The OnePlus 10 Pro has the second generation of Hasselblad’s special software for mobile cameras, and some of the results have already impressed us. However, the real test comes when we compare it to other equally powerful phones. Over the past week, we’ve taken the OnePlus 10 Pro and the Apple iPhone 13 Pro and shot with both. It is no longer theory: now we can see which one takes the best photos.
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Before we jump straight into imaging, it’s worth remembering how the two cameras differ when it comes to hardware. The iPhone 13 Pro has three 12-megapixel cameras for main, wide-angle and telephoto functions. The main camera has an f/1.5 aperture, dual optical image stabilization (OIS), a seven-element lens, Smart HDR 4, and Apple’s Deep Fusion technology. The telephoto lens shoots at 3x optical zoom and the wide-angle camera has a 120-degree field of view.
For its part, the OnePlus 10 Pro has a 48MP Sony IMX789 main camera with an aperture of f / 1.8, a seven-element lens, OIS and Hasselblad software for mobile devices. Added to this is a 50MP wide-angle camera with a field of view of up to 150 degrees, as well as an 8MP telephoto camera with OIS and 3.3 optical zoom. On the front of the iPhone is another 12MP camera, while the camera selfie of the OnePlus 10 Pro is 32MP.
As reference, all photos here were taken in automatic mode and without touching the screen to find a focal point. All photos have been viewed on a color calibrated monitor, then resized to be more web-friendly.
We got some weird pictures from taking photos of flowers in the dark, but it was worth it. The photo was taken an hour after sunset using Night mode on the OnePlus 10 Pro and letting the iPhone automatically set the exposure time. The difference between the two is considerable.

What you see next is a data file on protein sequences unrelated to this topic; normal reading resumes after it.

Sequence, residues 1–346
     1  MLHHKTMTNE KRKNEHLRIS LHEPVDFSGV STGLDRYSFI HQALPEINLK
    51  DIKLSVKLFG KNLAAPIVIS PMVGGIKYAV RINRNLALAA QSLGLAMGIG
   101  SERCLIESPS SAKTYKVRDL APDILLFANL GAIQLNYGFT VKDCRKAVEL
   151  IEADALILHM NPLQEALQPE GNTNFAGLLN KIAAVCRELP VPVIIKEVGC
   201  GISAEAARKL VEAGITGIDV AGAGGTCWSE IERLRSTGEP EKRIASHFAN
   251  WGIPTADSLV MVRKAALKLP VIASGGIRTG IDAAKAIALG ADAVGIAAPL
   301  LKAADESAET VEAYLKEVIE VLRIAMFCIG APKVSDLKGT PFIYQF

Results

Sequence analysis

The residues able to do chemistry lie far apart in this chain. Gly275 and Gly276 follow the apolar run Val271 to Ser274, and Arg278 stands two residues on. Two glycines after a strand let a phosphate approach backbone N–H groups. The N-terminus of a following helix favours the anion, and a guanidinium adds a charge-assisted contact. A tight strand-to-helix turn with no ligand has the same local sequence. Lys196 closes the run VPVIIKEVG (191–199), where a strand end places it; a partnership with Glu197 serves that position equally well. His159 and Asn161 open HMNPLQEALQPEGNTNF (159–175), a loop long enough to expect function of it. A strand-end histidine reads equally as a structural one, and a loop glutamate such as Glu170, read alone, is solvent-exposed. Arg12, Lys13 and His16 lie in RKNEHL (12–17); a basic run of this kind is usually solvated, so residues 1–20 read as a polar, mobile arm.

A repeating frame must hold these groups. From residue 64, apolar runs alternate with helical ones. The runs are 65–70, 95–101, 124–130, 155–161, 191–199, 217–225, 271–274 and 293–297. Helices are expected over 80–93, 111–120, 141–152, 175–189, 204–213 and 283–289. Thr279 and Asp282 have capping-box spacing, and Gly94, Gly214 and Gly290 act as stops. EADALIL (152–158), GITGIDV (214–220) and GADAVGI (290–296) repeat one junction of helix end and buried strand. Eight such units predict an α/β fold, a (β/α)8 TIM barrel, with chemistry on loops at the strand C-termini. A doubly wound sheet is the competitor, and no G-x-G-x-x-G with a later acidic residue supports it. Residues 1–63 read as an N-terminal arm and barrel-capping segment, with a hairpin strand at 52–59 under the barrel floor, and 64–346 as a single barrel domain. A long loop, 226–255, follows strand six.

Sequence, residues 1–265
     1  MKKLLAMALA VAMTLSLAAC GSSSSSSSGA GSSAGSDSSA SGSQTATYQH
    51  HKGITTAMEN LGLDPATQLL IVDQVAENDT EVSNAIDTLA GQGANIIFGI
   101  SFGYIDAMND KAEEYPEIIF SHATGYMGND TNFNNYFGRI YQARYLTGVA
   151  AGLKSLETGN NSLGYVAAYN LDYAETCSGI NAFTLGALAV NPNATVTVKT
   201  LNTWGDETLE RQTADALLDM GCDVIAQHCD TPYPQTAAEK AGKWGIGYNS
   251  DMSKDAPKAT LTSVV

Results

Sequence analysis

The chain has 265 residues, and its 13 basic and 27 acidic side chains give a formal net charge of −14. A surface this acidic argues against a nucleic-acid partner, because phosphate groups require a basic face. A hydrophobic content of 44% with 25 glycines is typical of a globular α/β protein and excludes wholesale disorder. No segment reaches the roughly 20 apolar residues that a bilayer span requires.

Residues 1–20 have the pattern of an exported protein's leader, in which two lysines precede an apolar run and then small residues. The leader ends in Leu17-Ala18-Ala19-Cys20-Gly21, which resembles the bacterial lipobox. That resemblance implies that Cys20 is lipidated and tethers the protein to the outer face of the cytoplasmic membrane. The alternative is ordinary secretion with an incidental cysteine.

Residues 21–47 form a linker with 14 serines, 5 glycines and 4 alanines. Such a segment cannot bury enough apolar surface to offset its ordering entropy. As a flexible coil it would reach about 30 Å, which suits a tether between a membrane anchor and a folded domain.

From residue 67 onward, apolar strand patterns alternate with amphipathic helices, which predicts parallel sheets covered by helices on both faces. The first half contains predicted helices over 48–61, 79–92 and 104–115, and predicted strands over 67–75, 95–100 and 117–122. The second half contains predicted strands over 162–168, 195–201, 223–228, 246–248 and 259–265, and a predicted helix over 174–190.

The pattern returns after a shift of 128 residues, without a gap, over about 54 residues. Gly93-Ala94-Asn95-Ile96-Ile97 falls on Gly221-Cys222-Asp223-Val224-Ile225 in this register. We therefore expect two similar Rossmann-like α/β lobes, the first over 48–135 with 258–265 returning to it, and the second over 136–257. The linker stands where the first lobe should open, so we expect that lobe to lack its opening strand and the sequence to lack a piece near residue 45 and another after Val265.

The OnePlus 10 Pro photo captures colors accurately and certainly brightens the scene effectively, considering it was actually quite dark. You can see what I’m shooting, there’s a good depth of field, and it’s a fully functional representation of what daffodils look like in the dark.
However, the iPhone 13 Pro goes one step further. We look closely and see that the petals are clearly detailed. There is depth and variation in color, and the focus is absolutely perfect. There is none of the smoothing evident in the OnePlus 10 Pro photo.
Winner: Apple iPhone 13 Pro
This photo shows depth of field when shooting up close, and how the OnePlus 10 Pro handles color accuracy, and also how it’s affected by the lack of a macro mode. The iPhone 13 Pro automatically switched to its macro mode when I got closer to get a clearer photo, where the OnePlus 10 Pro reached its focal limit earlier. In the interest of fairness, the iPhone photo here is taken without macro mode active.
The Hasselblad software in the OnePlus 10 Pro’s camera promises natural color reproduction, but there’s nothing natural about that radioactive green it’s given certain parts. The iPhone 13 Pro captured them much more accurately, and also gave the black pieces more depth and tone.
The OnePlus 10 Pro captures the gray brake disc piece well and there’s a good level of detail too, but the green is so striking that it’s pretty much all that catches the eye. Balancing the iPhone photo—when viewed as a whole—improves the photo.
Winner: Apple iPhone 13 Pro
It was a beautiful day when we took the photos, and the iPhone 13 Pro captures the sky perfectly, showing a small amount of white clouds against a beautiful shade of blue. However, the tone is much darker in the trees and in the greenery around the daffodils. The photo in general is quite warm, but I would have preferred a little less shadow in the background. The balance is slightly off.
The OnePlus 10 Pro goes in the other direction. The yellow and green of the daffodils are much brighter, as are the trees and foliage in the background. But the photo then washes out the sky, choosing to expose based on the foreground. This gives the tree trunks a slightly yellow tint, as opposed to the brown in the iPhone photo.
But when you zoom in is when the differences become obvious. The iPhone 13 Pro photo is considerably sharper, with each individual flower head visible everywhere, whereas in the OnePlus 10 Pro photo, they get much less sharp the further you look into the photo. Again, the iPhone 13 Pro is the winner.
Winner: Apple iPhone 13 Pro
The OnePlus 10 Pro’s main camera can take great photos. However, when you place the images next to those of the iPhone 13 Pro, the way it deals with color and exposure really stands out, and not in a good way. We’ve included several examples here to show how these two take very different photos.